Groups in southern part of country seek to help those hit hardest by COVID pandemic
Mama mia! Two tons of pasta.
That’s what four charitable organizations in southern Italy decided to donate to Pope Francis to be distributed to families having a tough time because of the coronavirus pandemic.
People in Italy this year now speak of a class of people known as the “new poor,“ including folks who have lost jobs or savings because of the economic downturn due to lockdowns, or families caring for members with a disability.
Each organization involved in the donation to Pope Francis — Stabat Mater Est, O.D.I., Amic.A and Cantiere Laboratorio — has a base in Taranto in southern Italy, where poverty rates tend to be higher than the rest of the country, reported Elise Ann Allen at Crux. “For years, Taranto itself has endured the impact of a social and economic crisis, including high levels of unemployment,” Allen wrote.
The organizations got together November 17 with the Archbishop of Taranto, Filippo Santoro, to present over 1,000 pounds of “Lori Puglia” pasta for the poor in his archdiocese. They also asked Archbishop Santoro to deliver pasta to the Papal Almoner, Archbishop Konrad Krajewski, under the slogan, “Pasta for the pope’s poor.”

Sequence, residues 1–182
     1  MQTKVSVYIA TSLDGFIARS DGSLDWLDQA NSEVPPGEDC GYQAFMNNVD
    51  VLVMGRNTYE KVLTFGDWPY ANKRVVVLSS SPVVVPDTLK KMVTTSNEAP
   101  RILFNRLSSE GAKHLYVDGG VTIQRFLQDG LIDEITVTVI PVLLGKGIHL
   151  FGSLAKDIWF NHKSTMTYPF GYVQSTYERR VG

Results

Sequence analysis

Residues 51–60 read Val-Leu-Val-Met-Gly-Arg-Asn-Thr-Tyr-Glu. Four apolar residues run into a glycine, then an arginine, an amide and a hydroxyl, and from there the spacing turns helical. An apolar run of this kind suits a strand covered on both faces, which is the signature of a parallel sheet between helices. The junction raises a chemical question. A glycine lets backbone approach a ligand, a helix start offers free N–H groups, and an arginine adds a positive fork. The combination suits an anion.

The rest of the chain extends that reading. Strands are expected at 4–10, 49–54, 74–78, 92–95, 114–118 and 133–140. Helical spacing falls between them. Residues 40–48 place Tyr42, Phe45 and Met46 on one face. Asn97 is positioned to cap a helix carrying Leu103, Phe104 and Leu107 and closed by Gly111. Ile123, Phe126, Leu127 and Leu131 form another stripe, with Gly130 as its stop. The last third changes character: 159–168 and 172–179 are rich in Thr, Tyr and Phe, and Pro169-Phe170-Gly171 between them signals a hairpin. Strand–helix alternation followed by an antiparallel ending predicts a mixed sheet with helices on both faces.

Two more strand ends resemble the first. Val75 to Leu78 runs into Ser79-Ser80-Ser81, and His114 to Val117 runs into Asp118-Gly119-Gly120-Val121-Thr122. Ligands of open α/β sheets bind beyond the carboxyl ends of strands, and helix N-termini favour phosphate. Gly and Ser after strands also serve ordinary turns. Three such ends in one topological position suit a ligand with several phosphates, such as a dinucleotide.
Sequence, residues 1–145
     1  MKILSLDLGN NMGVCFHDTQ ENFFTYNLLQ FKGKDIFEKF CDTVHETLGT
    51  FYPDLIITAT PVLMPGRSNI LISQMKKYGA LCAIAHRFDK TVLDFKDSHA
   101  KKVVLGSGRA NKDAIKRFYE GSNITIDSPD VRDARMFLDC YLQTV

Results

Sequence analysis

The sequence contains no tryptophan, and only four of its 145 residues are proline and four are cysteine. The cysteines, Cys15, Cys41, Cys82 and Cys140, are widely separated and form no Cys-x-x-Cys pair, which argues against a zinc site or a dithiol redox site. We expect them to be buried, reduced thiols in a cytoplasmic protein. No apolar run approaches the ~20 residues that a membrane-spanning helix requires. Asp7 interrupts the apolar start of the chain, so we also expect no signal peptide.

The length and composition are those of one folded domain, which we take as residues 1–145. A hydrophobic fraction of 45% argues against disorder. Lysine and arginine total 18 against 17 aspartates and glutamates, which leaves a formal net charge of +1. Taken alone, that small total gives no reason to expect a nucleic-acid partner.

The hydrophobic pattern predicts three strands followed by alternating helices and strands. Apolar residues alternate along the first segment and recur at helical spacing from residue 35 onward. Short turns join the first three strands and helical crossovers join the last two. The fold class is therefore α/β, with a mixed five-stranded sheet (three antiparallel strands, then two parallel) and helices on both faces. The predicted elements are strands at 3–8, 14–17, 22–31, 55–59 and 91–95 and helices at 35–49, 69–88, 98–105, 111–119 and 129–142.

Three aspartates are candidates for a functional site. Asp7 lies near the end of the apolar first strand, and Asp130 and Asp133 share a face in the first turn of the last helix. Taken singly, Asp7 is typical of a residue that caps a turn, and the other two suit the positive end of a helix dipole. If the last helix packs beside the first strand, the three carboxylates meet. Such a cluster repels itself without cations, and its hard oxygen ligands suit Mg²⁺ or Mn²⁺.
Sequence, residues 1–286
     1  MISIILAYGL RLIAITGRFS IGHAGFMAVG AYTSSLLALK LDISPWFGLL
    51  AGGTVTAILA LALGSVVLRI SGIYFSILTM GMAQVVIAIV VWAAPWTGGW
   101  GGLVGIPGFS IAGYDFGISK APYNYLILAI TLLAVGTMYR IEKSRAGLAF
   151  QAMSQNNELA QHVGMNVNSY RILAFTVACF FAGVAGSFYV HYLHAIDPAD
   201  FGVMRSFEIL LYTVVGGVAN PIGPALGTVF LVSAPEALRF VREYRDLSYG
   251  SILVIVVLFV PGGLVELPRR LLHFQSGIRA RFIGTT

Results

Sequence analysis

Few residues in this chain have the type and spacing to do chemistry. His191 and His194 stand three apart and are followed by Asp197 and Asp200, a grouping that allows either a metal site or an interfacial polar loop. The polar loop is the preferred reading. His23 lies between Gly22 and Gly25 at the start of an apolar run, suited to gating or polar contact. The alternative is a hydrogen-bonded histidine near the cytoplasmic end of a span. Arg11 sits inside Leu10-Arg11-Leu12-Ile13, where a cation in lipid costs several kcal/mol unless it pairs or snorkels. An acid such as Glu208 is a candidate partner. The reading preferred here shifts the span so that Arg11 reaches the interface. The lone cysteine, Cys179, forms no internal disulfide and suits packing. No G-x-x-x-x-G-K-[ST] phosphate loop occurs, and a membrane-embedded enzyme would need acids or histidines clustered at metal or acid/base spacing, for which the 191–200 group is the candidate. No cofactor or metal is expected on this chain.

“You cannot stand by and watch those who are close to us in suffering,” the groups said in a statement. “You cannot close your eyes and pretend nothing is happening.”
The archbishop recognized their donations saying, “In this time marked by COVID, the right attitude is one of responsibility and sharing. And this leads to initiatives which precisely because of this are laudable, because they recall that Christian hope stops in front of nothing.”
Giuseppe Orlando, head of Stabat Mater Est, said, “In difficult times it would be more convenient to take care of your own garden. But if you look at your neighbor and welcome them with a smile rather than indifference and if you think that all children have the same rights, you can’t. You roll up your sleeves and help, support and comfort.”
According to the newspaper Corriere di Taranto, the delivery is expected to reach Krajewski in Rome Dec. 5.